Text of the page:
Pardon me, but did that headline upset you?
All right, no, she didn’t say that. But imagine if she did. Imagine if in her August 2008 DNC speech Hillary Clinton said the following:
That is our duty, to build that bright future, and to teach our children that in America there is no chasm too deep, no barrier too great – and no ceiling too high – for all who work hard, never back down, always keep going, aren’t Hillbillies, and have faith in our country, and in each other.
Screech! Everyone would have been talking about it, wouldn’t they? Residents of Appalachia would have appeared all over the news the next day expressing their upset that a prime speaker for the Democratic Party could be so bigoted against them. How dare Senator Clinton say that it’s our duty to teach children that can get ahead but only if you’re not a Hillbilly?
No, Hillary Clinton didn’t say that. But as J. Clifford pointed out yesterday, Hillary Clinton did say this:
That is our duty, to build that bright future, and to teach our children that in America there is no chasm too deep, no barrier too great — and no ceiling too high — for all who work hard, never back down, always keep going, have faith in God, in our country, and in each other.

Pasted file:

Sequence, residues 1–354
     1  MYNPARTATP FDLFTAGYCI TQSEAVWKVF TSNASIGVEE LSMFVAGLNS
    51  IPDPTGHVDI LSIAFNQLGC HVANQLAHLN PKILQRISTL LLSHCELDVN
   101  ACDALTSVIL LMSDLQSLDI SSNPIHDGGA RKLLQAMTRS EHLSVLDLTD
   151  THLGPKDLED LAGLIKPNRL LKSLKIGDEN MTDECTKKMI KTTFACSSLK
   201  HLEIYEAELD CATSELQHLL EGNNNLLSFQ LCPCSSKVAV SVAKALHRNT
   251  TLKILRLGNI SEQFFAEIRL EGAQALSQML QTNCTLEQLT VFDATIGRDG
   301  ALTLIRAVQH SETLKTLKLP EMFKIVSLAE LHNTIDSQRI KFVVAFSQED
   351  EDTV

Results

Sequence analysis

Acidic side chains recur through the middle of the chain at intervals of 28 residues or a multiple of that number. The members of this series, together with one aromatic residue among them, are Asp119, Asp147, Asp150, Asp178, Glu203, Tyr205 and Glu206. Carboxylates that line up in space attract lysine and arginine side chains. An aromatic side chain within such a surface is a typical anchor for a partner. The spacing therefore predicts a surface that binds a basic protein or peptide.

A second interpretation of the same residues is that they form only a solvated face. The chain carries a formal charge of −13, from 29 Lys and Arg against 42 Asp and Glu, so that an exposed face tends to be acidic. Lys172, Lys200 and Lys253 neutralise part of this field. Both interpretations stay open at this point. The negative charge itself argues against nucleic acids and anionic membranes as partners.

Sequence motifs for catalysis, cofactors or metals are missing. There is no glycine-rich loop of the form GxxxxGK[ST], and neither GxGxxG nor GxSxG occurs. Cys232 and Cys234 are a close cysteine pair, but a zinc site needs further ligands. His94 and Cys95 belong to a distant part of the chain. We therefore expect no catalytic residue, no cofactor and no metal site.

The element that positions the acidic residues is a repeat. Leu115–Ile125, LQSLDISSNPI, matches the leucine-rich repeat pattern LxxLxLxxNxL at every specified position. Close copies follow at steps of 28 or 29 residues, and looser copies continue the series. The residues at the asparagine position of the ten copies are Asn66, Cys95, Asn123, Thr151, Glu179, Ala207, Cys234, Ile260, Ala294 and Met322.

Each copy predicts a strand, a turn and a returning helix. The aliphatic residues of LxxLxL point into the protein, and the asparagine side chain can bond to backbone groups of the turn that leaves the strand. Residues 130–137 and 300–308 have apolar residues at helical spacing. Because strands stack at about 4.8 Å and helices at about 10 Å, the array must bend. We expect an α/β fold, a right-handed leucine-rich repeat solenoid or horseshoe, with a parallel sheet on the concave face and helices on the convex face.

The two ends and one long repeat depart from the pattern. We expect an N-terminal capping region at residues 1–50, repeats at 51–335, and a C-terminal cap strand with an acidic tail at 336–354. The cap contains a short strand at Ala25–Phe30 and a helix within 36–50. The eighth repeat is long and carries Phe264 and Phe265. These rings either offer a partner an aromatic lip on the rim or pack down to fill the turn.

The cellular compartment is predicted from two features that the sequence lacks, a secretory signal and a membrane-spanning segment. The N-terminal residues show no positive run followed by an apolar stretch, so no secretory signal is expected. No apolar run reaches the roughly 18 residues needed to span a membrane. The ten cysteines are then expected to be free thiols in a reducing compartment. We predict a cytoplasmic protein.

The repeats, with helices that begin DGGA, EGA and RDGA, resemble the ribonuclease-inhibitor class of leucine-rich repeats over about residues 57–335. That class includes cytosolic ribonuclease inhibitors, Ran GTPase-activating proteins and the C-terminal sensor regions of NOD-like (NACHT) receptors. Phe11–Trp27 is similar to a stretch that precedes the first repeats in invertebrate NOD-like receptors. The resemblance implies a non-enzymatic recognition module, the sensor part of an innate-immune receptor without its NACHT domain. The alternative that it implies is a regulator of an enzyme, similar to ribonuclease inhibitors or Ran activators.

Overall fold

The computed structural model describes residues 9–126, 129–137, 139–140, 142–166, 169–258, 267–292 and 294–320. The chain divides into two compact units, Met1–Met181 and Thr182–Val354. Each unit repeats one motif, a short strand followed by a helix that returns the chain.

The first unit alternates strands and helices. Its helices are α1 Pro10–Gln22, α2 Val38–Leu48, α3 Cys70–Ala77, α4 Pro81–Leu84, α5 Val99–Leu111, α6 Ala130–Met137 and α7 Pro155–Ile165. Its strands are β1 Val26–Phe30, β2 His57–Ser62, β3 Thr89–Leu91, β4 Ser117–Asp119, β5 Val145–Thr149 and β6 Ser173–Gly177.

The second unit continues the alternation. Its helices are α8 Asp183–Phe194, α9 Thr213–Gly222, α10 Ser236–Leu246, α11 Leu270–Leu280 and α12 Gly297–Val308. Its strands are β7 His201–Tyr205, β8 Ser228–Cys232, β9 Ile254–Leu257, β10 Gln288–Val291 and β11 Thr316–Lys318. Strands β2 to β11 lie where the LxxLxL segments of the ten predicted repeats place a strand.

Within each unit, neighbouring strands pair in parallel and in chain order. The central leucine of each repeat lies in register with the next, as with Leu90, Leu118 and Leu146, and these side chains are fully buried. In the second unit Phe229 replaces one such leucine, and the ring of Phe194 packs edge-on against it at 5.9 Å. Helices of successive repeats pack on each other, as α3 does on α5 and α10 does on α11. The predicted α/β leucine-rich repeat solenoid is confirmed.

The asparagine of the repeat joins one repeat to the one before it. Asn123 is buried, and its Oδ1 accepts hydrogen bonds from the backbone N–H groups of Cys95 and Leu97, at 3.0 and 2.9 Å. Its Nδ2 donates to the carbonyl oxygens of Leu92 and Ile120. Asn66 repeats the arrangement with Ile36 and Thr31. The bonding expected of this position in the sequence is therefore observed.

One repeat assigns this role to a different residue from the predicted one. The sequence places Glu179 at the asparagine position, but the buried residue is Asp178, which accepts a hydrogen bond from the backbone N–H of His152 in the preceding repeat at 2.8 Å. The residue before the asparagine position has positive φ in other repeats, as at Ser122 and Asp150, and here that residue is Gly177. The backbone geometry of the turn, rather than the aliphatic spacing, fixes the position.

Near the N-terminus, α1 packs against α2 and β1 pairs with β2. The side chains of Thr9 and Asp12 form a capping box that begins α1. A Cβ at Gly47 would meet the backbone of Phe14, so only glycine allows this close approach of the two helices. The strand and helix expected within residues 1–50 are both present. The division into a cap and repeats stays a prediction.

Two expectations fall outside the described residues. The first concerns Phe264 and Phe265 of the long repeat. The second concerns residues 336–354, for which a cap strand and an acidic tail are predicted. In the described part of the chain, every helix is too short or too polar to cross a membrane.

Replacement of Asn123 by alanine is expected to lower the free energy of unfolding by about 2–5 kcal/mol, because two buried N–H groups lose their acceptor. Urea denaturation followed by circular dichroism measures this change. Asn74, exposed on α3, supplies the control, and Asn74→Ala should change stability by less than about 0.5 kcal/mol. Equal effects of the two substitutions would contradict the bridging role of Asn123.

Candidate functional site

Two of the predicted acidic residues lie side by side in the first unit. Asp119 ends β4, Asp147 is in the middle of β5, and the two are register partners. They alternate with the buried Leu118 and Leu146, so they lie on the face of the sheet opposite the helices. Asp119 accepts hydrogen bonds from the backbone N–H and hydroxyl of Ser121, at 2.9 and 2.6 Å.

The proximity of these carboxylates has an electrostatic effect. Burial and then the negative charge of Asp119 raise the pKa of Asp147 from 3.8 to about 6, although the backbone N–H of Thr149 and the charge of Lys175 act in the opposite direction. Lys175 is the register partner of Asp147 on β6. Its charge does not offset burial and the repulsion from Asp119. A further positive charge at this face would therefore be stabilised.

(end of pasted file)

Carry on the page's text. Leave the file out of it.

That was unmentionable to the media. Not one news story has been written that considers this exclusion of secular people from Hillary Clinton’s duty list.
It wouldn’t have been acceptable for Hillary Clinton to have excluded women, or gay people, or black people, or Jewish people, or disabled people, or residents of the South from the set of people that you’re duty-bound to tell your children can do anything. So why is it acceptable for Hillary Clinton to stand up in a national political convention and insist that it is our duty to teach our children that you can do anything… so long as you’re not secular?